Eric’s Collecting Adventures: Multilevel Shareware eBay Haul

August 1st, 2006 by TheGameCollector

Eric's Shareware Haul[ Eric Lambert is the owner of an impressively large collection of PC software. I’m happy to welcome him to VC&G with his first contribution. — RW ]

Imagine my delight this week when a job lot of vintage games I won on eBay came with seven — count ’em, s-e-v-e-n — Softkey Titanium Seal shareware games still in their original packaging. Such forgettable classics as VGA Slots and Stellar Defense II and… hold on a sec, what’s this? Wolfenstein 3-D? The great-granddaddy of the FPS? Sure enough, my eyes did not deceive me, Wolfenstein 3D Shareware, complete with the laughably generic subtitle “Escape from Multilevel Castle Maze.” Reading the description on the back of the package, I try to remember that when this was hanging on a hook at Babbage’s, people probably had no idea what to expect from it. The genre was, for the most part, still in its infancy, and the technology was cutting-edge. The warning at the end is classic: “This game is not for the faint of heart.” I wonder if the guy who wrote that copy ever went on to play Carmageddon, Postal, or GTA 3.

Eric's Shareware HaulNow look at all the hit games also available from Titanium Seal. There’s…um…I guess Duke Nukem II kind of led into Duke Nukem 3D and the whole Quake revolution in shooters, but really, Wolfenstein was the big hit of the bunch, propelling id Software into its Doom phase. How many of the folks at SoftKey do you suppose gave Wolfenstein a second glance at the time? How many people involved in its publication had any idea of the impact it would have on gaming? How many careers do you think that one title launched? More than enough to make up for all the lost bets on the other titles? I remember playing some of them, and they were great games, but they never took off like Wolfenstein did. This Multilevel Castle Maze did what nobody really could have predicted — it revolutionized not only the way we play games, but the industry as a whole. It opened up new technologies, new styles of play, and a whole new level of marketing, an influence we can see in the online distribution models (like Steam) that are currently increasing in popularity.

And all for $5.99 (US). What a bargain!

15 Responses to “Eric’s Collecting Adventures: Multilevel Shareware eBay Haul”

  1. Adam Vandenberg Says:

    Raptor, that one had a following, at least at college.
    Zone 66, wasn’t that a shooter written by demo coders? I could never, ever get that thing to work on my machine.

  2. gnome Says:

    Raptor had distinctly impressive graphics. Also distinct was my computers incompetence in running the bloody thing.

    Brilliant article. Welcome!

  3. Eric Says:

    Thanks, gnome. It’s good to be here.

    Glad you enjoyed the article. Keep an eye out for some more cool stuff in the near future.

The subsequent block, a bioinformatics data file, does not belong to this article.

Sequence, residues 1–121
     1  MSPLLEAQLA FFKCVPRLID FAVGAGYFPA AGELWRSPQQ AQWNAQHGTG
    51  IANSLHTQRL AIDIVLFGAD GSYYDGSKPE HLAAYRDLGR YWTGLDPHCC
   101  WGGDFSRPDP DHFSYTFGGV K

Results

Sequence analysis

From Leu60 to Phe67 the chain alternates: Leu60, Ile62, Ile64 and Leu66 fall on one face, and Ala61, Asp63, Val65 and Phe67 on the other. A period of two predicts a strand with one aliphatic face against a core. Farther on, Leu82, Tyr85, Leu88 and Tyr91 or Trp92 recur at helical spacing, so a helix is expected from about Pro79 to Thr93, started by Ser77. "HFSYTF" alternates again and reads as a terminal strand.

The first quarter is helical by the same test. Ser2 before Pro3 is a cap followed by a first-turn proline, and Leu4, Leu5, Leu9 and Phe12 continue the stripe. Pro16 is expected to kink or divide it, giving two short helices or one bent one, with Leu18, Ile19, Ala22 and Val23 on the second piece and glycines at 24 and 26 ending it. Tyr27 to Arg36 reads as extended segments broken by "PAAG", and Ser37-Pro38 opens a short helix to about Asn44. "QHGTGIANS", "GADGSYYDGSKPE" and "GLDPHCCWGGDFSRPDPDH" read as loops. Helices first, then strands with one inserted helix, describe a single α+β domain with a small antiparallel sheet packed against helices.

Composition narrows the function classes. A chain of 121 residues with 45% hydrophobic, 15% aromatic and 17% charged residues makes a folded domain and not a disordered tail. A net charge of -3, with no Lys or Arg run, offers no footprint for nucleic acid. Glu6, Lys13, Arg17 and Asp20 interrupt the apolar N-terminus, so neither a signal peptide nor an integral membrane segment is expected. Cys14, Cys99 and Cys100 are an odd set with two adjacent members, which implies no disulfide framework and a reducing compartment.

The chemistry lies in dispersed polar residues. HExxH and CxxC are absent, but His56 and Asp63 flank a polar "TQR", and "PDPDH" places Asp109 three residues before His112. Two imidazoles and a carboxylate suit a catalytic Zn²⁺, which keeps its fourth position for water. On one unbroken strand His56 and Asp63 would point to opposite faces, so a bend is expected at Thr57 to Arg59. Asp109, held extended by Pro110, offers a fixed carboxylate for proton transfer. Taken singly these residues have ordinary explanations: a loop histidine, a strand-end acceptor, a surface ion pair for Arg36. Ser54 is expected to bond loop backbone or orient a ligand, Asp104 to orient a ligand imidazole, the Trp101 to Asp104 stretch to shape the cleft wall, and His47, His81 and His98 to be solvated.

4. MegaKitsune Says:

    I know a place to get it for free. 😛

  5. nixon Says:


    You have it correct. Zone 66 was programmed by the demo group Renaissance. Doing a quick looksie, the lead programmer went on to 3D Realms and worked on Prey, and is now over at PayPal.

    Some of the music was done by the great C.C. Catch who was one of the great MOD musicians of the early 90’s demo scene. He also happened to do the music for One Must Fall 2097.

  6. RedWolf Says:

    I, for one, love Halloween Harry. But I’ve never heard of Xargon I. Anybody know what that game is like?

  7. Eric Says:

    Why yes, yes I do.

    “You have discovered an ancient civilization deep in the jungles of Madagascar. Transported through time, you must explore the magical, mystical world of Xargon.

    It’s a game of intense arcade action and bold exploration. You control the hero, Melvineous, on his exploration through a strange land populated by bizarre creatures.

    Ten vividly illustrated levels of action for you to explore, packed with animated enemies, stunning music and digital sound effects.”

    So says the packaging, anyway. Screenshots look like it was in the style of the old Commander Keen/Duke Nukem side-scrollers.

    Oddly enough, I actually have a full version of Xargon 2.

  8. RedWolf Says:

    Awesome. Now that you mention it, Eric, it does sound familiar. I wouldn’t be surprised if I downloaded off a BBS and played it at least once back in the day.

  9. dave davis Says:

    I have all the old Redneck R

  10. dave davis Says:

    Rampage Games anyone interested
    Can you up load them an play them on this website?

  11. dave davis Says:

    They are still cool games to play

  12. Eric Says:


    Aside from the whole copyright issue (I believe Interplay still holds the rights), RR was built on the same engine as Duke Nukem 3D — the Build engine. Build ran best under DOS and 95, could be persuaded to run without much trouble under 98, and causes headaches on anything newer. It’s not impossible to get these games to run under XP, but I believe getting them to run through a browser would be.

    If you’re just talking about uploading the files so anybody who wants to can download them, Interplay might have somethings to say about that. A couple of years ago, people started passing around copies of DN3D as abandonware, and Interplay went the whole cease-and-desist route.

    I agree that they were cool games, but I think RNR and Shadow Warrior unfortunately suffered from ‘me-too-ism’ — everybody loved DN3D, and Interplay introduced these others, they looked more like copies than unique games.

  13. RedWolf Says:

    Eric, you missed the best Build game of all — Blood! It’s probably tied with Castlevania: SOTN as my favorite game of all time. I’m planning on doing a feature on it eventually.

  14. Eric Says:

    Now that you mention it, I remember Blood. More specifically, I remember playing the demo of it on a PC Gamer CD. Never did find a copy of it, though.

    At least, not yet.

  15. MegaKitsune Says: